Comcast Goes Nationwide With XFi Pod Wi-Fi Extenders

thiggins

Mr. Easy
Staff member
xFi-Pods-Kitchen.jpg
Comcast today announced nationwide availability for its xFi Pod Wi-Fi extenders. The company had previously trialed the devices in limited markets late last year.

The Pods act as Wi-Fi extenders, working with select Comcast xFi gateways (Arris TG1682G, Cisco 3941T, Arris TG3482G, Technicolor CGM4140COM, according to this FAQ) to extend Wi-Fi to weak signal areas.

Comcast says the Pods work with the gateways to "continuously monitor and optimize Wi-Fi connections to each device", using a remote management platform hosted in Comcast's cloud.

The Pods are based on technology licensed from mesh Wi-Fi startup Plume. According to TechCrunch, "Comcast licensed the Plume technology, then reconfigured some aspects of it in order to integrate xFi. It also designed its own pods in-house". It's not clear whether the current xFi Pods are Comcast's new design or Plume's existing one.

Plume also appears to be soldiering ahead with its own business, teasing a SuperPod "arriving Spring 2018" on its own site. Comcast invested in Plume last year and took a seat on its board.

xFi Pods are sold in three-packs for $119 or in six-packs for $199 either online or in Xfinity stores.

[Full press release]
 
Last edited:

Razor512

Senior Member
If they have not significantly updated the specs, wouldn't it be an issue since it would effectively bottleneck all but their entry level speed tier?
 

thiggins

Mr. Easy
Staff member
If they have not significantly updated the specs, wouldn't it be an issue since it would effectively bottleneck all but their entry level speed tier?
Updated what specs? The Plume radios?

An individual device is unlikely to need 100+ Mbps. This is more about extending usable coverage to dead spots. Most users are going to be happy if their Netflix/YouTube/Hulu stream doesn't glitch. That takes only 5 Mbps or so,.
 

Easy Rhino

Regular Contributor
i dont' think Comcast cares too much about their customers using all of the bandwidth they buy.

after all, dombining gigabit internet with a 1 Terabyte monthly data cap would mean running at full throttle for 3 hours.

Comcast is probably mainly worried about reducing the amount of support calls they get.
 

thiggins

Mr. Easy
Staff member
Yes, they're trying to reduce truck rolls, primarily.
 

nord_musician

Occasional Visitor
Reminds me of a comcast employee knocking on my door the a week ago or so, trying to sell me the idea of ditching Fios in exchange of getting xfinity :D he was discusing I don't need symmetrical upload speeds and telling me to no expect comcast to go FTTH because they wont since it costs them too much :D funny guy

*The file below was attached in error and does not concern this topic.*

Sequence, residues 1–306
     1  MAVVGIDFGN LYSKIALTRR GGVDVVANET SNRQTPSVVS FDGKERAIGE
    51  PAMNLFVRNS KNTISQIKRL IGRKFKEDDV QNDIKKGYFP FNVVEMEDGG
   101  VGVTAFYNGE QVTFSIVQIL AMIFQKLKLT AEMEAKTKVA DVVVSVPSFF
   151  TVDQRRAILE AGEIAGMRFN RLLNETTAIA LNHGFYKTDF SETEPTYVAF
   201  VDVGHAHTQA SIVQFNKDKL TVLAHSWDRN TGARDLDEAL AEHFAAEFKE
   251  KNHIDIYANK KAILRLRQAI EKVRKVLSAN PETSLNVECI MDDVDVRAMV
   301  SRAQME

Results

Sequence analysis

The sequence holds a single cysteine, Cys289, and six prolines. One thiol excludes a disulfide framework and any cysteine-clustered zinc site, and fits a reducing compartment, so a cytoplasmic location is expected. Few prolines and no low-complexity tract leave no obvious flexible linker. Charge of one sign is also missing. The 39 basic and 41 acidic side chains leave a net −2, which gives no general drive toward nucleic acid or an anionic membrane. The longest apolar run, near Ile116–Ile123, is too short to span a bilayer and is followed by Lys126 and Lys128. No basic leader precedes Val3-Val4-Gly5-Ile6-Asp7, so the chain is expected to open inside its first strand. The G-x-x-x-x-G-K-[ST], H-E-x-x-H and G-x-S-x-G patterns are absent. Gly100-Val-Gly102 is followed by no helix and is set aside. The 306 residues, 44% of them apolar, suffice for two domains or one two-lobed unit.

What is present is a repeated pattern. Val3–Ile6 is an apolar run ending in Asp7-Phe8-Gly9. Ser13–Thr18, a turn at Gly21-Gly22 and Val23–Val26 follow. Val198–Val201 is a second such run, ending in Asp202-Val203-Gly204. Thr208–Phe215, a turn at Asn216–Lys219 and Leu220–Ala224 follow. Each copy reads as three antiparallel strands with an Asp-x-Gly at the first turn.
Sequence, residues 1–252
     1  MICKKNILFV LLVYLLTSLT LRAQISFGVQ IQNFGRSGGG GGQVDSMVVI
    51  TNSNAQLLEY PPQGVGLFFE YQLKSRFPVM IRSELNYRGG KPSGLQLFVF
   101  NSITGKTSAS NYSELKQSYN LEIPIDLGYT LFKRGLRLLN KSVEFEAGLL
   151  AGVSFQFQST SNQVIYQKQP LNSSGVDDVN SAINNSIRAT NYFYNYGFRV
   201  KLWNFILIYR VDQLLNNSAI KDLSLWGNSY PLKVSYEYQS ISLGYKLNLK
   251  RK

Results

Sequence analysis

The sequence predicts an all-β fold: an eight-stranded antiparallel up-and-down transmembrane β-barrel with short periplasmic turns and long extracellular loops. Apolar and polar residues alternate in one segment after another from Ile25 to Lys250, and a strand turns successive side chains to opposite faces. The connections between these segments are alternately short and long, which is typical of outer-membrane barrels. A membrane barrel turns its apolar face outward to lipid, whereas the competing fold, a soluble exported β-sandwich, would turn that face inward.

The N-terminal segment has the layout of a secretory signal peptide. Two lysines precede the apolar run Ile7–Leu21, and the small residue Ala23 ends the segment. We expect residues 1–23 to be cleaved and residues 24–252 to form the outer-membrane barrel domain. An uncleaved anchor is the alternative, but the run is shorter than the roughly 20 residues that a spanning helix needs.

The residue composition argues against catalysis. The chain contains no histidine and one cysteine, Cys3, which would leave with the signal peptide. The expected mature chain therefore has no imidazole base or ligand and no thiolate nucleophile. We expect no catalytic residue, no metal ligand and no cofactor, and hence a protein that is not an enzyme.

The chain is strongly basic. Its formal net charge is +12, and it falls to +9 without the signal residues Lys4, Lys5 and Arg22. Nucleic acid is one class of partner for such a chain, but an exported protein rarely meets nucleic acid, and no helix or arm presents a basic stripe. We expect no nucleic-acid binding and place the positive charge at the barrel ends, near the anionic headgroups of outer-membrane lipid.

tannebil

Regular Contributor
The xFi pods gets discussed a bit over in the Comcast forum. The changes appear to be in the firmware. As I recall, the two big differences are 1) the Plume and Comcast pods do not interoperate, and 2) the Comcast pods do not support wireless backhaul.

If I was a “normal” Comcast customer and wanted better “good enough” coverage in my house, I’d definitely give them a go. But since I have bigger dreams, I will stick with my Plume pods.

I was thinking about adding the SuperPod but I upgraded to Comcast XFi with an X6 modem/router and it has been pretty good (so far) so the SuperPod will need to offer some compelling features for me to upgrade.
 

tannebil

Regular Contributor
Reminds me of a comcast employee knocking on my door the a week ago or so, trying to sell me the idea of ditching Fios in exchange of getting xfinity :D he was discusing I don't need symmetrical upload speeds and telling me to no expect comcast to go FTTH because they wont since it costs them too much :D funny guy
Likely it was not actually a Comcast employee. The Comcast door knockers and cold callers tend to be from companies that just have a sales relationship have minimal knowledge about the products they are selling.

Although this guy was most likely right about FTTH. Everybody that’s made a run at FTTH has basically failed from a business perspective. I suspect that the economics might work in a green field, monopoly situation but Comcast seems a lot more interested in gigabit cable upgrades than pulling new fiber for existing coverage areas. The only time I hear them talking about fiber is for business offerings.
 

thiggins

Mr. Easy
Staff member
If it is the same hardware, the pod has neither power line nor MoCA interfaces.
 

tannebil

Regular Contributor
Could it be MOCA? The X6 box has built in MOCA and when they installed an X6 at my home they insisted I needed a MOCA filter at the ground block to prevent data flowing to my neighbors.
The X6 has MoCA built-in and MoCA is used for their whole house DVR. If you don't have it, they might just do it by default on a new install. I did a self-install with mine.

I actually use MoCA backhaul with a couple of my Plume pods but there is a little gotcha. If the power in interrupted to the MoCA adapter, the pod fails over to wireless and then fails back to wired with the power is restored. Sounds great in theory but, in practice, WiFi can be a bit uneven while the transitions are occurring. It clears up with time but it's annoying.
 

Sign Up For SNBForums Daily Digest

Get an update of what's new every day delivered to your mailbox. Sign up here!
Top